Senators continued a second day of general file debate March 26 on a bill that would enable the state to borrow money to fund road construction. It advanced to select file after a successful cloture vote.
LB1092, as introduced by Fullerton Sen. Annette Dubas, would have authorized the State Highway Commission to issue up to $400 million in bonds for highway construction projects. The amount was reduced to $200 million by a Revenue Committee amendment March 12.
Under the bill, at least 25 percent of bond proceeds would be dedicated to construction of federally designated, high priority corridors and the expressway system through Chadron, Alliance and Scottsbluff.
The bonds would be repaid with revenue from the State Highway Capital Improvement Fund, which currently receives .25 percent of the state sales and use tax. LB1092 also would pledge the revenue from all fuel taxes, registration fees and other highway user fees for the purpose of bond repayment. Interest rates for the bonds would not be allowed to exceed five percent.
Citing a state Department of Roads needs assessment, Dubas said road projects over the next 20 years would cost $14.1 billion. Bonding accelerates delayed projects and helps the state overcome decreasing gas tax revenues caused by conservative driving habits and fuel-efficient cars, she said.
“The gas tax revenues are simply not going to continue to be there like they have in the past,” she said. “If we go this route … it gets more construction projects going in a quicker fashion and at the end of the day you’re going to save money in the long run.”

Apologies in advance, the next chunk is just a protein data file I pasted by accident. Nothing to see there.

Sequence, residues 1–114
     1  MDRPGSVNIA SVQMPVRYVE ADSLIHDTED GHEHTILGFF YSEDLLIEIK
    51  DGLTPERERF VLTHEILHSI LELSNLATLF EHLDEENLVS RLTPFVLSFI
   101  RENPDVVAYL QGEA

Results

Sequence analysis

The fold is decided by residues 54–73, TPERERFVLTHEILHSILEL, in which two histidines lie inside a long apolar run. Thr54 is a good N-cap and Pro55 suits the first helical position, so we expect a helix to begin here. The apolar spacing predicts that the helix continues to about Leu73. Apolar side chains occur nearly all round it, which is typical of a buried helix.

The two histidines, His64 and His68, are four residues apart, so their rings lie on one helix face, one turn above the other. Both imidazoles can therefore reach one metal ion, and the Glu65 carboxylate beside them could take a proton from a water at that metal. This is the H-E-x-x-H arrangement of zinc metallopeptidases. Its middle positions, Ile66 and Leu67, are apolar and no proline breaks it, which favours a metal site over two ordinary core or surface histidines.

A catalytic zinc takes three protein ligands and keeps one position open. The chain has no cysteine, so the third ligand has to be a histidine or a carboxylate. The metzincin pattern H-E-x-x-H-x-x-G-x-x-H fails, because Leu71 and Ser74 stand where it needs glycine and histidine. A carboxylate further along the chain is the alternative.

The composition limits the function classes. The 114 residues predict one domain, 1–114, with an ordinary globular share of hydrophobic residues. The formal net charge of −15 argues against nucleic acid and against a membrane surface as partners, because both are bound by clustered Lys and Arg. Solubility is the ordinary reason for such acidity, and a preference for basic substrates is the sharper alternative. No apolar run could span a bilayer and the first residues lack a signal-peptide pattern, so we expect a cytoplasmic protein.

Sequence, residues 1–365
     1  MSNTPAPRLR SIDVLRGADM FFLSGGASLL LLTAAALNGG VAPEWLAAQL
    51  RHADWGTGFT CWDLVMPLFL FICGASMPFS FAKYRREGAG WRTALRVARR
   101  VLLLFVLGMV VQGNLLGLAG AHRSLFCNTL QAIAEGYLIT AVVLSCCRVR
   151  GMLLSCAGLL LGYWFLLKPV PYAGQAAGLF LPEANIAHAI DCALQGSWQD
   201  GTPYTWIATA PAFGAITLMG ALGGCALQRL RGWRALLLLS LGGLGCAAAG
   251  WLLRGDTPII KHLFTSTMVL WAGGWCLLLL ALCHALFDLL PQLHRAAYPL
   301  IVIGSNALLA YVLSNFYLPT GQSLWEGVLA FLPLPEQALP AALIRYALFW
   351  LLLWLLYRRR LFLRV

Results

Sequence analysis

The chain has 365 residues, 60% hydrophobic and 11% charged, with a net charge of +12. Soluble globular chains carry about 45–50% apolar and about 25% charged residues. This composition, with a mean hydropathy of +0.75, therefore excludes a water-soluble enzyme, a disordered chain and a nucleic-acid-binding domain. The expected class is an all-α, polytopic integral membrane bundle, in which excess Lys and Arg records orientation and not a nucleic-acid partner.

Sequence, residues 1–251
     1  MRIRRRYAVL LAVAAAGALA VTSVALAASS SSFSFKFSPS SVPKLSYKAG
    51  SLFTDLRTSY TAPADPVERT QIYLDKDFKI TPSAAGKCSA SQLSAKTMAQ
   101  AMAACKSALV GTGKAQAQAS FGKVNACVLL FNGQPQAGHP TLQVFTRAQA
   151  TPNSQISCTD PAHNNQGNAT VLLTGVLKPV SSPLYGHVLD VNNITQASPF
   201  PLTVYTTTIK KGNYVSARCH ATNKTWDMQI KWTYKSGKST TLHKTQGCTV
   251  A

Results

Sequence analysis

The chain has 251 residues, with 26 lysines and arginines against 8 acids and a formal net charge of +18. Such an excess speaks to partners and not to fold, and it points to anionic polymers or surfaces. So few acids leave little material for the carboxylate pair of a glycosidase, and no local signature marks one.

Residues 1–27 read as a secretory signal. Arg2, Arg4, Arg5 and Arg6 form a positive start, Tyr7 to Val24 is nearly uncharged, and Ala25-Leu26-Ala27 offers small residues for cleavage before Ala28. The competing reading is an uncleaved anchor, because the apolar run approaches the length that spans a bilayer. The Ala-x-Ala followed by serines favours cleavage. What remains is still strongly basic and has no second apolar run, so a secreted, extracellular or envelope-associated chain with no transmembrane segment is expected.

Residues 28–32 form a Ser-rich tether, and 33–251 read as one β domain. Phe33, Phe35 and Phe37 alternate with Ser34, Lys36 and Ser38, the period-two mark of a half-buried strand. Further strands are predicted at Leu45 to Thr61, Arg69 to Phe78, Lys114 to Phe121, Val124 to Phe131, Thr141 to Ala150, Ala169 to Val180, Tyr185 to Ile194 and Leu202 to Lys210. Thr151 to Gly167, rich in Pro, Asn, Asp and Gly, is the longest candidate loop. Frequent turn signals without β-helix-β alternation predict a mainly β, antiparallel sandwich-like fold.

Hyannis Sen. Al Davis supported the bill, saying quality highways will address population losses in rural Nebraska.
“You have to face the brutal fact that business development requires infrastructure; most businesses aren’t going to look at development in a community that doesn’t have a divided highway,” he said.
Bancroft Sen. Lydia Brasch opposed the bill. She said the bonds would give Nebraskans a false expectation that projects would be completed more quickly, when the department currently requires eight years for the completion of a road project.
Omaha Sen. Ernie Chambers also spoke against the bill, saying that it breaks with the state’s tradition of paying for projects with currently available funds and places a financial burden on future legislatures.
“This is a bill that is a radical departure from the way the state has conducted business when it comes to road building and maintenance,” he said. “If we put a bad plan in place, then future generations are going to be negatively impacted by it.”
A motion by Chambers to bracket the bill until April 17 failed, as did a Chambers technical amendment.
Dubas moved to invoke cloture—or cease debate and force a vote on the bill—which senators approved on a 34-14 vote. LB1092 then advanced to select file on a 32-14 vote.